Most squid snatch their prey with a pair of extendable tentacles, which can shoot out at high speed. These muscular limbs are longer than the other eight arms, and end in a bulbous “club” that’s covered in suckers or hooks. Once they latch onto something, they rapidly contract and bring the prey in towards the squid’s sharp beak.
But one deep-sea squid—Grimalditeuthis bonplandi—is very different. Its tentacles are thin and fragile, and almost always break off when it’s captured. For ages, people thought it lacked tentacles altogether until a full specimen was found in the stomach of a fish. Weirder still, its clubs have neither suckers nor hooks. Instead, they are flanked by a pair of leaf-shaped membranes. Why?
Now, after observing a live individual off the coast of California, Hendrik-Jan Hoving from the Monterey Bay Aquarium Research Institute (MBARI) in California thinks he knows what how the squid uses its feeble tentacles. They’re not grasping limbs, but fishing lures. By waving the membranes, the squid uses its clubs to mimic the movements small animals and attract its prey.
For around 25 years, MBARI has been using remotely controlled subs to explore the waters around California’s Monterey Bay. Hoving frequently pilots these vehicles and he sees a lot of squid. But on 22 September 2005, he stumbled across his first specimen of Grimalditeuthis bonplandi. It was the first time that anyone had seen the creature alive in its natural environment.
G.bonplandi lives all over the world, but this particular one was floating in a deep underwater canyon off the coast of California, 1000 metres or so below the surface. Its 14-centimetre body was largely transparent but flashed with neon pulses of red and violet. It hung there in the darkness at a slight tilt, beating its heart-shaped tail fins, arms splayed apart and tentacles outstretched.
“When we zoomed in for a close-up of the tentacle club, we saw it wiggling and undulating by flapping its membranes,” says Hoving. “We were really excited. It so strikingly resembled the movements of a small marine organism.”
The team collected and dissected the Monterey specimen, and confirmed that its tentacle muscles were extremely thin and poorly developed compared to those of a related squid. There’s no way the animal could have used these limbs to handle prey. Indeed, when the squid wanted to bring its club towards its head, it seemed to swim towards the club rather than contracting the tentacle muscles.
Over the next five years, Hoving’s team observed six more of these squid in the Gulf of Mexico, and all of them behaved in the same way. Their clubs tips all gently undulated like some small swimming animal.
Judging by their stomach contents, we know that G.bonplandi eats shrimp, other small crustaceans, and even other small squid. Hoving thinks that the squid could use its undulating clubs to lure in these victims in three possible ways: by disturbing glowing creatures in the water and creating temporary flashes; by creating attractive low-frequency vibrations; or by creating waves of moving water that mimic small swimming animals. Of course, how the squid then grabs any incoming prey is an open question.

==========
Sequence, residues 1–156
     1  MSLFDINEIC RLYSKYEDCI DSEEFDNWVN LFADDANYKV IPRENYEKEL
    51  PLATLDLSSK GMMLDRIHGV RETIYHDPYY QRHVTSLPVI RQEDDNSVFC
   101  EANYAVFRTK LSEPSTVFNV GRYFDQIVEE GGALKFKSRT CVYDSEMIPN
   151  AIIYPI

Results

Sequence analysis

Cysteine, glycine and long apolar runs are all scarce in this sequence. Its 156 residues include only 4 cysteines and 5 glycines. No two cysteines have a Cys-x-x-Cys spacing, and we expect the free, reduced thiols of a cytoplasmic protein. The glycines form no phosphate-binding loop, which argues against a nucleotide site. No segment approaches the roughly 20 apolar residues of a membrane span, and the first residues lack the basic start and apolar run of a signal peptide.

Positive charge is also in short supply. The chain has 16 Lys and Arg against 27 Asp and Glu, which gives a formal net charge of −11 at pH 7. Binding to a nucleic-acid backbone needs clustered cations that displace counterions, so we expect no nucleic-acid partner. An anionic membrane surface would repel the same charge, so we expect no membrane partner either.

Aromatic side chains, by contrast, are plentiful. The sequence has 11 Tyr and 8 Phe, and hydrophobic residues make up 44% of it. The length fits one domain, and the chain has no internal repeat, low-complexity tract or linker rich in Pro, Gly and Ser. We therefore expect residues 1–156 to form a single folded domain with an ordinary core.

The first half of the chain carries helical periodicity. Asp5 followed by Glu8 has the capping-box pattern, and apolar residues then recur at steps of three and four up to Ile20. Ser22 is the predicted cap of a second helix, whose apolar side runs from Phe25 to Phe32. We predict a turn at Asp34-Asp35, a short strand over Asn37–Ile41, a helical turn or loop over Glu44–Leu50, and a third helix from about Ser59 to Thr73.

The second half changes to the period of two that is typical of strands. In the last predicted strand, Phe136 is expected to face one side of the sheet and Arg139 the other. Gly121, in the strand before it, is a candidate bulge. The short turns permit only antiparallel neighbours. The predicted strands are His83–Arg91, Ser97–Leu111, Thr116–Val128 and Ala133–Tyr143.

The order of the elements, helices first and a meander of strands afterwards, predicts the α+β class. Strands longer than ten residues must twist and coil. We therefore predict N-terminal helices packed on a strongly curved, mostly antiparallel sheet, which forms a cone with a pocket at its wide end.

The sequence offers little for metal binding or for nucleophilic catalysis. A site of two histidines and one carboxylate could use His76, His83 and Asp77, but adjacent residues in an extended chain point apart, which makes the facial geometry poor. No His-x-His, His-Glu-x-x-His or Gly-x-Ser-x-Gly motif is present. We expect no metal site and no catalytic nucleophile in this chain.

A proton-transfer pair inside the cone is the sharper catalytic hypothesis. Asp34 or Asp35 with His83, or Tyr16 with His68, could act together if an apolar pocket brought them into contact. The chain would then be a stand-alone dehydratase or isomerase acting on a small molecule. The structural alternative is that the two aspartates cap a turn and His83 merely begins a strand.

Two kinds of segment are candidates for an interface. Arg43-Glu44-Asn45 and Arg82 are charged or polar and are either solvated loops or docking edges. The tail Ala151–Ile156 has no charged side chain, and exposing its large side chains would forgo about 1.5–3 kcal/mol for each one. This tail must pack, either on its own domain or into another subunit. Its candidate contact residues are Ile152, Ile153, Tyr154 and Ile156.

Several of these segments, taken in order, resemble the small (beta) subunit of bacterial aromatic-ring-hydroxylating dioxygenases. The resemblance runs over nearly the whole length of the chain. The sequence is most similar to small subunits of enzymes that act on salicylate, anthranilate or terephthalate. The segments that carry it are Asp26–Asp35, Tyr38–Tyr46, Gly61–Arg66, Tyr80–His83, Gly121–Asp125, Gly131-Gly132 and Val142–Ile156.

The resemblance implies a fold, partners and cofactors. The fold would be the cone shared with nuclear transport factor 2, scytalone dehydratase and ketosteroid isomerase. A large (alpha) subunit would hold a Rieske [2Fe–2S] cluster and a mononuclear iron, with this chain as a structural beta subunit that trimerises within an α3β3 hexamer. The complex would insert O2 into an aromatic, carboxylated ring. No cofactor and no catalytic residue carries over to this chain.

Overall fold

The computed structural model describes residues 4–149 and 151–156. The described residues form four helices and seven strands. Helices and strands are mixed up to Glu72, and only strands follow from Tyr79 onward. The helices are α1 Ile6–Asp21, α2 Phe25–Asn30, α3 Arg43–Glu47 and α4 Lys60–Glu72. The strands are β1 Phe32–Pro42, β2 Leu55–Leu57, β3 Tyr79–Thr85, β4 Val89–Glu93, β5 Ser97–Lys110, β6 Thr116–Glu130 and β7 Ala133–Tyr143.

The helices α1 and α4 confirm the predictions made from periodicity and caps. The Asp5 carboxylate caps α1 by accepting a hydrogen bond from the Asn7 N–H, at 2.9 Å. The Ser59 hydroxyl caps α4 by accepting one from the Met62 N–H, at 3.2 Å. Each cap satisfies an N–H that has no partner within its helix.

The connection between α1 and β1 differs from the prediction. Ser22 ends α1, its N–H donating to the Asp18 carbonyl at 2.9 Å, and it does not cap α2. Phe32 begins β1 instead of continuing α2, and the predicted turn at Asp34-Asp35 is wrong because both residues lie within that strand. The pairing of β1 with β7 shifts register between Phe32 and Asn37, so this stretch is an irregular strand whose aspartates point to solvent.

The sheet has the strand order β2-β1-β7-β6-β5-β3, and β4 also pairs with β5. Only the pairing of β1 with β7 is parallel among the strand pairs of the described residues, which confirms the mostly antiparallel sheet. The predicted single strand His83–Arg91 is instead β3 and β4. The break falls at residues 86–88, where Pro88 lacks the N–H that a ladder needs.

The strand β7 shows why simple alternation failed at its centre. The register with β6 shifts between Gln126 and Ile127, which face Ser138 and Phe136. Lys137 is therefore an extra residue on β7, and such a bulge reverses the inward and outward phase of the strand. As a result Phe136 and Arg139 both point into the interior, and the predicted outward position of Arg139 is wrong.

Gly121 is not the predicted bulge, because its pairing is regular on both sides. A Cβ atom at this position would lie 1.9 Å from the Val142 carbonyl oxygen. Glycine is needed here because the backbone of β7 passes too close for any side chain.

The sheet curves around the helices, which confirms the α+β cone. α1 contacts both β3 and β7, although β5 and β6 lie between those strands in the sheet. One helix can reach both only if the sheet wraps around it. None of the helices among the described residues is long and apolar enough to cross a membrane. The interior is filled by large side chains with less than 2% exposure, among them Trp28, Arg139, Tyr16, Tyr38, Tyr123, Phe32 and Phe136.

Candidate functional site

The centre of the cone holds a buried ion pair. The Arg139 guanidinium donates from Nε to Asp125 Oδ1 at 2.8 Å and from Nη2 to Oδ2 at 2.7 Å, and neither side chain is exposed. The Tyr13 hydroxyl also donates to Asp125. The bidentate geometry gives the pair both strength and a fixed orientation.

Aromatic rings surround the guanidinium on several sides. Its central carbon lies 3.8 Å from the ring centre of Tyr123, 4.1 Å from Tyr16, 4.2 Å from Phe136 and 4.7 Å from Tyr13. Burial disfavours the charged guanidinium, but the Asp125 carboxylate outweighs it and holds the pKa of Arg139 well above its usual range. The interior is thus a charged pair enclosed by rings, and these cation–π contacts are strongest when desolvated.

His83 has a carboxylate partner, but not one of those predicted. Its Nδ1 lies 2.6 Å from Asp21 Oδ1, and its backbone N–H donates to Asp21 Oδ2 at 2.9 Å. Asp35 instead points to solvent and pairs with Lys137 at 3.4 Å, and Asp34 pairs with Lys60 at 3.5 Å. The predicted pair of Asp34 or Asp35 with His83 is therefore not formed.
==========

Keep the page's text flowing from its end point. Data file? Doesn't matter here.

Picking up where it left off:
Many predators use lures to attract their victims. Anglerfish, viperfish and dragonfish have lures projecting from their heads. Alligator snapping turtles wriggle their pink tongues like wriggling worms. Many vipers do the same with their tails, and one even has a tail that looks like a spider. The assassin bug (Stenolemus bituberus) kills spiders by strumming their webs in the style of a trapped and struggling insect. In a fit of perverse irony, the cookie-cutter shark uses a glowing collar to lure in larger predators, which it then eats.
It’s entirely plausible that some squids use similar tactics. The stubby squid buried itself in sand but wiggles one outstretched arm. The deep-sea squid Chiroteuthis calyx has glowing organs on its tentacles, which might help to attract fish. Another squid, Octopoteuthis deletron might use the glowing tips of its (freakishly detachable) arms in a similar way. None of these possible examples of luring have been proved, and the same goes for G.bonplandi.
Edith Widder, a marine biologist and deep-sea explorer, says the idea is plausible. “I wish they had had some way to check for the amount of bioluminescence in the water column where they observed the squid,” she says. “I also think the idea that it could produce a hydrodynamic signal has merit. If you think about the enormous challenge these animals face, locating food and mates in such vast volumes of darkness you have to believe they must have come up with some pretty clever solutions.”
“We are very far from doing experimental work on these animals as we encounter them so rarely,” admits Hoving. “We had moments of good fortune which allowed a peek into the lives and behaviour of this poorly known species. Hopefully, with increasing application of underwater technology and exploration of the water column, we will be able to learn more about Grimalditeuthis and other inhabitants of the world’s largest ecosystem.”
Reference: Hoving, Zeidberg, Benfield, Bush, Robison & Vecchione. 2013. First in situ observations of the deep-sea squid Grimalditeuthis bonplandi reveal unique use of tentacles. Proc Roy Soc B http://dx.doi.org/10.1098/rspb.2013.1463